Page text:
Source: chart of "Private Signals of the Merchants of New York"

Joe McMillan, 26 November 2001

Taylor and Hitch

[Taylor and Hitch]  by Joe McMillan

Taylor and Hitch, New York (mid-19th century)
I don't know if this firm had any connection to Moses Taylor, nor do I have anything else about it. The flag was a burgee divided white over blue, with the letters J.A. in blue in the upper half and W in white in the lower.
Source: chart of "Private Signals of the Merchants of New York"

Joe McMillan, 26 November 2001

Taylor and Merrill's Black Star Line

[Taylor and Merrill's Black Star Line]  by Joe McMillan

Taylor and Merrill's Black Star Line
I previously reported this company simply as the Black Star Line, believing it might be the same as the more well-known Black Star Line of Williams and Guion. I believe I mentioned that this connection was incorrect, but don't believe I provided the correct background on it. It belonged to Robert L. Taylor and Nathaniel W. Merrill and served the busy New York-Liverpool route in the late 19th century. The flag was a red swallowtail with a black star.
Sources: Manning (1874) and Palmer's List of Merchant Vessels at

Joe McMillan, 26 November 2001

Terminal Steamship Co.

[Terminal Steamship Co.]  by Joe McMillan

Terminal Steamship Co., Bridgeport, CT (1920s-1960s)
Terminal Steamship was still another of the firms founded with surplus vessels after World War I. Unlike most of the others, it seems to have survived at least into the 1960s, but I know nothing of what became of it after that. The flag looked rather like that of Lebanon, or maybe a cross between Canada and New England: red with a green pine tree on a white Canadian pale.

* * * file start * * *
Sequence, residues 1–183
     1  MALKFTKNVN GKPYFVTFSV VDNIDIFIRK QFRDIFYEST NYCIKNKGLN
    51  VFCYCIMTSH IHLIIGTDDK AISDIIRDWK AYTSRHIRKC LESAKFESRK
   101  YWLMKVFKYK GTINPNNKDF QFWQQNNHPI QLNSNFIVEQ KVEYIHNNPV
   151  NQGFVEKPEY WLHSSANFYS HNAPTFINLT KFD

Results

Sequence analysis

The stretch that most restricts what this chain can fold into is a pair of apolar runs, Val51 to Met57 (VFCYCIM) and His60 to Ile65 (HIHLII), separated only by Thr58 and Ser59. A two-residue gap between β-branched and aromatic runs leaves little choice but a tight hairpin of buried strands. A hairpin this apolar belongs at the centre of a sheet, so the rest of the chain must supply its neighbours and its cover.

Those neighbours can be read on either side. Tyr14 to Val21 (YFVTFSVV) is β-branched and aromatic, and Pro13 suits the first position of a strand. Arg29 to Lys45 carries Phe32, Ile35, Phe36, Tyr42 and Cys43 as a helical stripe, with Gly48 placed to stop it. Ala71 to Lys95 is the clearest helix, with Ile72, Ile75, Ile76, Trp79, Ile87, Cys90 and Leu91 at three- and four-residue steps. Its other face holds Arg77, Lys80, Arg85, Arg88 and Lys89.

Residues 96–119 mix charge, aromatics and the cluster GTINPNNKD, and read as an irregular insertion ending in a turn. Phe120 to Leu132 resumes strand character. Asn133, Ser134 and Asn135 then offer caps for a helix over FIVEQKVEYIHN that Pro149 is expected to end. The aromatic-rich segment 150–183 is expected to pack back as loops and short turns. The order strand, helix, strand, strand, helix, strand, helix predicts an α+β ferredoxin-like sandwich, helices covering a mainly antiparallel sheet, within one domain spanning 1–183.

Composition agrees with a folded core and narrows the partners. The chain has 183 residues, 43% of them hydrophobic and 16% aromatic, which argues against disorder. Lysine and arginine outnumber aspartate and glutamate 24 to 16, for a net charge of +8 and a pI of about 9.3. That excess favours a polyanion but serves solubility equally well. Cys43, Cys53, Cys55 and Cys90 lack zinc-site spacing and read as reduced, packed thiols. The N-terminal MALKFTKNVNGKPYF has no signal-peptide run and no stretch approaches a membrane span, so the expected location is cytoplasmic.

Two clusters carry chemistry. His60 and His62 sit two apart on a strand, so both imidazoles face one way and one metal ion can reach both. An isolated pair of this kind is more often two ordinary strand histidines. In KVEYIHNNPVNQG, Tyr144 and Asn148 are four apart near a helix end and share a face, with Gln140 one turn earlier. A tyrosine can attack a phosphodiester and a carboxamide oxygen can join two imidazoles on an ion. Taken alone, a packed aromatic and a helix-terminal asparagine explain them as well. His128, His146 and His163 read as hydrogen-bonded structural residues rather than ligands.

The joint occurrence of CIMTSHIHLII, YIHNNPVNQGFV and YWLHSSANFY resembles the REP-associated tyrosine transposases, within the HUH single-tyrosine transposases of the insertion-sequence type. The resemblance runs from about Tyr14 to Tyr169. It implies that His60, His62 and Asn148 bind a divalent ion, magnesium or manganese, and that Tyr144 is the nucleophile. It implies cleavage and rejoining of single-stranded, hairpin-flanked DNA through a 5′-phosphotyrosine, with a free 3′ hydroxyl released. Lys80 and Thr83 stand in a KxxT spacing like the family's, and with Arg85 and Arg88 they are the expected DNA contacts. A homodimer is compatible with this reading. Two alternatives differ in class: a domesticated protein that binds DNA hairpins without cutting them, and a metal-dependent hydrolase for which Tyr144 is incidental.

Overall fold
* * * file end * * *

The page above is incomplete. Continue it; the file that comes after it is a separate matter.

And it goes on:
Source: US Navy's 1961 H.O.

Joe McMillan, 26 November 2001

Texas City Refining Co.

[Texas City Refining Co.]  by Joe McMillan

Texas City Refining Co., Texas City, Tex. (1908-?)
Texas City is located near Galveston. The refinery company was chartered in 1908, shortly after the discovery of commercial quantities of oil at the Spindletop well. The refinery handled crude from central Texas and inland and used its small fleet of tankers to export its products. I don't know if it is still in operation or whether the company still exists as a separate entity. The flag was green with the company logo in yellow, a rectangular frame with engrailed corners surrounding a yellow diagonal bar with the initials TCR in green.
Sources: US Navy's 1961 H.O., Stewart & Styring (1963)

Joe McMillan, 28 November 2001

Texaco, Inc.

[Texaco, Inc.]       [Texaco, Inc.]  by Joe McMillan

Texaco, Inc., New York (1897-2001)
Texaco, formerly the Texas Company, needs little explanation. Founded in 1897 as the Texas Fuel Company, it grew over the years into one of the world's great energy enterprises. Texaco's separate existence ended on 9 October 2001, when it merged with Chevron, Inc. (once Standard Oil of California) to become Chevron-Texaco. It had previously been closely associated with Chevron in several joint ventures outside the United States, most notably Caltex and the Arabian-American Oil Company. Texaco's tanker fleet was once one of the largest under the U.S. flag. While it is still large, Lloyd's Register for 2001 shows only two vessels left under U.S. registry.
(Note: As with many other companies, the New York location shown above was not the site of the company's headquarters but the port at which its ships were registered.
Sources: Lloyds 1912, Wedge (1926), Talbot-Booth (1937) - was presumably the company's first flag, divided horizontally green over white with a large red T on the center.